Dr. Emily Williams Knight leads Texas
restaurants through pandemic challenges.
Dr. Emily Williams Knight was with her family on a spring getaway when she got the call: Texas Gov. Greg Abbott was going to close restaurant dining rooms across the state in response to the coronavirus, which was beginning its virulent spread across the United States. Those were to be the last days of rest Walden alumna Knight, the CEO of the Texas Restaurant Association and Education Foundation, would experience for a long time.
“Before that call came in, individual counties were making decisions, and individual cities,” she says. “It was chaos. When Gov. Abbott decided to make a blanket set of closures, it was a sense of relief. It gave us a moment to pause and to think about what we were going to do next.”
The order also introduced unprecedented challenge for the Texas restaurant industry—and for Knight. She’d joined the TRA and Education Foundation only seven months earlier, becoming the first woman in her position as well as the organization’s first new leader in more than 30 years. The order from Gov. Abbot ensured that Knight hit the ground running in her new job. To meet the challenge, she called upon skills she learned during her business career in global hospitality, as well as the PhD she earned at Walden University.
“When you’re trying to carry a voice in a crisis and you have doctorate credentials next to your name, it gives you an entree,” says Knight, who earned her Doctor of Education (EdD) with a specialization in Higher Education Leadership from Walden in 2016. “That credential alone automatically allows people to acknowledge, wow, that person’s done the work; that person has invested that time. And when the pandemic hit, I had to establish credibility very quickly. That credential helped a lot.”
Knight’s immediate goal was to mitigate the loss of revenue and jobs. In 2019, Texas restaurants had sales of $70 billion and employed 1.5 million people. By mid-April 2020, 750,000 restaurant employees were out of work.
“We only had about 37% of our 50,000 restaurants prepared to offer drive-through or takeout delivery. So, we just creatively thought of all the ways that we could sustain them through new revenue sources,” she says. “We passed a series of innovative measures, things like curbside alcohol-to-go and a grocery waiver that allowed restaurants to become grocery outlets because our grocery stores were overrun.”
To accomplish their goals, Knight’s team collaborated closely with other agencies and officials. “We worked with the comptroller on tax relief,” she explained. “We worked with all of our city officials to expand patios and outdoor dining. We reached out to third-party delivery companies to reduce fees. And we did all this while also navigating all of the federal stimulus bills, the CARES Act, and the Families First Act.”
She also worked with Rep. Chip Roy, R-Texas, to convince Congress to pass the Paycheck Protection Program Flexibility Act of 2020, which extended the time businesses have to spend federal funds and obtain loan forgiveness.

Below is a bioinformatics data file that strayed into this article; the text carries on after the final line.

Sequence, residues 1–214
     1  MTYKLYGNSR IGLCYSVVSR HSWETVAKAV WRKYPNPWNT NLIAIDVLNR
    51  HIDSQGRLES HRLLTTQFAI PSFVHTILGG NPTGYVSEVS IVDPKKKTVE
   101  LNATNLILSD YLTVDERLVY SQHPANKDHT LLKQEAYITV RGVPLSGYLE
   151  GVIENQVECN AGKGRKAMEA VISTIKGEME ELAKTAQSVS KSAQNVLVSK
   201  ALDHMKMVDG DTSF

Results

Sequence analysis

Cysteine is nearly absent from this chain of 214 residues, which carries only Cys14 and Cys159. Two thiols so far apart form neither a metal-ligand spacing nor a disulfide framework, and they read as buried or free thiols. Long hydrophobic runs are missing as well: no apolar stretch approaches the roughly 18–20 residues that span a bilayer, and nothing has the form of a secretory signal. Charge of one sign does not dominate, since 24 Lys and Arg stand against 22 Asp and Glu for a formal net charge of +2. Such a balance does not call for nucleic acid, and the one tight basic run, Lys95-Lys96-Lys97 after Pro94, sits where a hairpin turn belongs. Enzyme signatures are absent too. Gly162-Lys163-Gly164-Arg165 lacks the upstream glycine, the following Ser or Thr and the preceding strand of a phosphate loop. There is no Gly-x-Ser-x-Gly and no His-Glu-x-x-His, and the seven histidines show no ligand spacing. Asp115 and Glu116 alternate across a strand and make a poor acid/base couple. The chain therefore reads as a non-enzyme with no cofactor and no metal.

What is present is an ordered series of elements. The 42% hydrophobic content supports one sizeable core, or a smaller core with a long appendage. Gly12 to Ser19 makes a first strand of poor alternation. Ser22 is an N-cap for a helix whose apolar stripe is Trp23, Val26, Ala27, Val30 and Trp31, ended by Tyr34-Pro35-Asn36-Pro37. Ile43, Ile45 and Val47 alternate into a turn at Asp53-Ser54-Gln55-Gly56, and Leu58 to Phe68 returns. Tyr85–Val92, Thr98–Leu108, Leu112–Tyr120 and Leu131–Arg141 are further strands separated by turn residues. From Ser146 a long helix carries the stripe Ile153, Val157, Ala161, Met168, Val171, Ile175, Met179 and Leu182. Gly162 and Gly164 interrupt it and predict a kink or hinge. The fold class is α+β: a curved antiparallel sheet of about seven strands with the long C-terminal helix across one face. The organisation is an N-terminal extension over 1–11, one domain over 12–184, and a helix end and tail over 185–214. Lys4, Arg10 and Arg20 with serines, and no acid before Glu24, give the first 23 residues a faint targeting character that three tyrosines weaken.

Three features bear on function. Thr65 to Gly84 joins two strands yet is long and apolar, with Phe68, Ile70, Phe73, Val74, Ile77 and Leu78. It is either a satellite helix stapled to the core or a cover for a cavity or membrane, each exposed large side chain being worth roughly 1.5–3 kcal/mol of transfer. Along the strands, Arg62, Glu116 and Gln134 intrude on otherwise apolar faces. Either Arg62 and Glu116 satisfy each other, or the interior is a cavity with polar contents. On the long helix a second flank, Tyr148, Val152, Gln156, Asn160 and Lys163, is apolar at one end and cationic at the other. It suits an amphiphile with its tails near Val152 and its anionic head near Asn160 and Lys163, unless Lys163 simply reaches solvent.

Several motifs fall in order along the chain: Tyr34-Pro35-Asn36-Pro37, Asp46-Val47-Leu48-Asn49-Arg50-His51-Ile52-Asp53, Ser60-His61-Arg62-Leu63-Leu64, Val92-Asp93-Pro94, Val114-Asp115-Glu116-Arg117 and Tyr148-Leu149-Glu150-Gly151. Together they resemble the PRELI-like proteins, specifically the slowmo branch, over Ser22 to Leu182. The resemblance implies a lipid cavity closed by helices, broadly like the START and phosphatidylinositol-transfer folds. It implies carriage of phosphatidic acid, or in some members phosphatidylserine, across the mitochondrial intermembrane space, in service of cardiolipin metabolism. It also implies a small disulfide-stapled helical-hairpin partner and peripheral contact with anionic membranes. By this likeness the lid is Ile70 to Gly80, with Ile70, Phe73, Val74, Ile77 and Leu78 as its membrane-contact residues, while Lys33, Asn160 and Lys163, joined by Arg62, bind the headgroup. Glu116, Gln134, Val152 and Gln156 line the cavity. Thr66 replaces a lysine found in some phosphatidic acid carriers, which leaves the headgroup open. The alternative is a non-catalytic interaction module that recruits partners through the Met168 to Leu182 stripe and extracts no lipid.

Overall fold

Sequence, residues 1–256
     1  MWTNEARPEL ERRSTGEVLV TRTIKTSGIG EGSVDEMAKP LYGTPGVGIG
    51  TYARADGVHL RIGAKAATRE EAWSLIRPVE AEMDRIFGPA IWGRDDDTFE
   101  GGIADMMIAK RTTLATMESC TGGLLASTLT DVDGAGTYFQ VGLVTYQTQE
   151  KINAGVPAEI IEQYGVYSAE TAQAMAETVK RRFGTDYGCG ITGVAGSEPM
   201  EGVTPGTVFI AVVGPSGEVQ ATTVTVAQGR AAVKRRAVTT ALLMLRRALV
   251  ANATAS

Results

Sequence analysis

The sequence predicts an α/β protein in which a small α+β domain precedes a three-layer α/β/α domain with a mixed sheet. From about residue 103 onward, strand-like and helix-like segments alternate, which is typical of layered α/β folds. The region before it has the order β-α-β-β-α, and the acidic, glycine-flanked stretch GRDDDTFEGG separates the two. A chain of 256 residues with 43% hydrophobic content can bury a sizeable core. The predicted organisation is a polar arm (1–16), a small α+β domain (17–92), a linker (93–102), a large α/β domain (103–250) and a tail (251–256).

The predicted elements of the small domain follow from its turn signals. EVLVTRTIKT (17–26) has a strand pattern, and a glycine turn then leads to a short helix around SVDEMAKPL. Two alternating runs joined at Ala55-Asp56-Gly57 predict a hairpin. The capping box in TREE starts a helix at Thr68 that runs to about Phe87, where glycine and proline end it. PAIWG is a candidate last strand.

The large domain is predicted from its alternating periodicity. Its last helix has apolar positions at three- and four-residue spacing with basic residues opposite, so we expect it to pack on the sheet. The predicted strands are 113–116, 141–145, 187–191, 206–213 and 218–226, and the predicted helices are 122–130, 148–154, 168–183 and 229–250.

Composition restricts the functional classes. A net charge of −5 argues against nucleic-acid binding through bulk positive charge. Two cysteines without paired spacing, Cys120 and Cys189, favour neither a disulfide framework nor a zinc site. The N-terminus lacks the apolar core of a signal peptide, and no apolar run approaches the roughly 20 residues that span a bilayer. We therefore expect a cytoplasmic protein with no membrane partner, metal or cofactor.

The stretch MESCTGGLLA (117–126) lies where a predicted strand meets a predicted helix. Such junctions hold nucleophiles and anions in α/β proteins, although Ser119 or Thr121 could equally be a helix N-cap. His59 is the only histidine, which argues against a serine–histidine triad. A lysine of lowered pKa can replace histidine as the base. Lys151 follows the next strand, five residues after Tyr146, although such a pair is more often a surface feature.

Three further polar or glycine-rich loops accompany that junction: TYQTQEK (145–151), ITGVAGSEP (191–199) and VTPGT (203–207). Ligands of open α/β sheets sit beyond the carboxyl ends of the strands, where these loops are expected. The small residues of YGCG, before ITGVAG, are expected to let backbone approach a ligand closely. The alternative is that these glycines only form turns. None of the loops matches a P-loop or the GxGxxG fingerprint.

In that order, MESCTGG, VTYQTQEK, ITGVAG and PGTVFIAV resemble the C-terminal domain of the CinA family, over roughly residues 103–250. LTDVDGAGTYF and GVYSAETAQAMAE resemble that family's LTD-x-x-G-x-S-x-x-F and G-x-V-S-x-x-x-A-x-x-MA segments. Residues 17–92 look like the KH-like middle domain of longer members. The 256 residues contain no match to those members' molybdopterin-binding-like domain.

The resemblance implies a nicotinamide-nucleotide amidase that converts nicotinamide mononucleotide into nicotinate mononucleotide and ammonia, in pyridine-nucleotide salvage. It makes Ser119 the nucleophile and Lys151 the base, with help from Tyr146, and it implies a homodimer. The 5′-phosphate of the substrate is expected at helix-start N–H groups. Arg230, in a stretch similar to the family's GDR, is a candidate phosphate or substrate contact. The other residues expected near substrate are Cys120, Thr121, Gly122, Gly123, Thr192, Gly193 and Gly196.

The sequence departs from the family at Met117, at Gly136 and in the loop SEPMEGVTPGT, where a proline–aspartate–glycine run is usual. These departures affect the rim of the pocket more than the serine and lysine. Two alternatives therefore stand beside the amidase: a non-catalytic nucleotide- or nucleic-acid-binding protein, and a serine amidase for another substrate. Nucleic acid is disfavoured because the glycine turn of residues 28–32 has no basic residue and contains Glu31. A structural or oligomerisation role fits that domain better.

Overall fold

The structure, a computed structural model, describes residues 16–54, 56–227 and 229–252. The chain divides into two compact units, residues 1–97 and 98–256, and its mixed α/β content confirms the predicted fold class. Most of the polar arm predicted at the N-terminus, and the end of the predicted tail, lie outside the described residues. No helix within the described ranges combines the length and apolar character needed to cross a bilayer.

“The sort of great story is, I’m a brand-new CEO having replaced someone that was in the job more than 35 years. And I found the only congressman that I knew before the crisis hit in Texas, Congressman Roy, and I said, we’ve got to pass a bill to get this done. And he partnered with a Democratic congressman out of Minnesota (Rep. Dean Phillips), who was also brand new. … And we only had one ‘no’ vote on both sides of Congress,” she says. “It was a great example of a state association leaning into federal politics. And I’ll be honest: I was probably that bold because I didn’t know any better. You’re fearless when you’re new and you see opportunity.”
John B. Gessner, chair of the TRA’s board of directors, says it was Knight’s strength and determination, coupled with her broad experience in hospitality and education, that led to her selection as CEO after a search that drew 500 applicants.
“Emily had barely finished her transition period into the TRA leadership team when the COVID-19 pandemic struck,” Gessner says. “She fearlessly faced this daunting challenge to the hospitality industry and immediately became the champion of the restaurant industry in Texas. Her tireless efforts and understanding of how to motivate team members and appeal to elected officials have saved countless businesses and industry jobs in Texas.”
Knight says she never could have imagined leading the association through a pandemic. But her Walden education prepared her for this in other ways, too.
“I think, honestly, the ability that I had to manage this job, which was about 18 hours a day, my family, the crisis of 50,000 restaurants … is because of my experience with Walden. When you go through a rigorous degree program as a working adult, you’re managing all of your personal and professional obligations while managing your studies. Once you stretch that muscle, it doesn’t go back,” she explained. “I think people were surprised at my capacity to handle all of it. But I honestly strengthened that by my Walden degree. … My experience at Walden definitely paid off during the crisis.”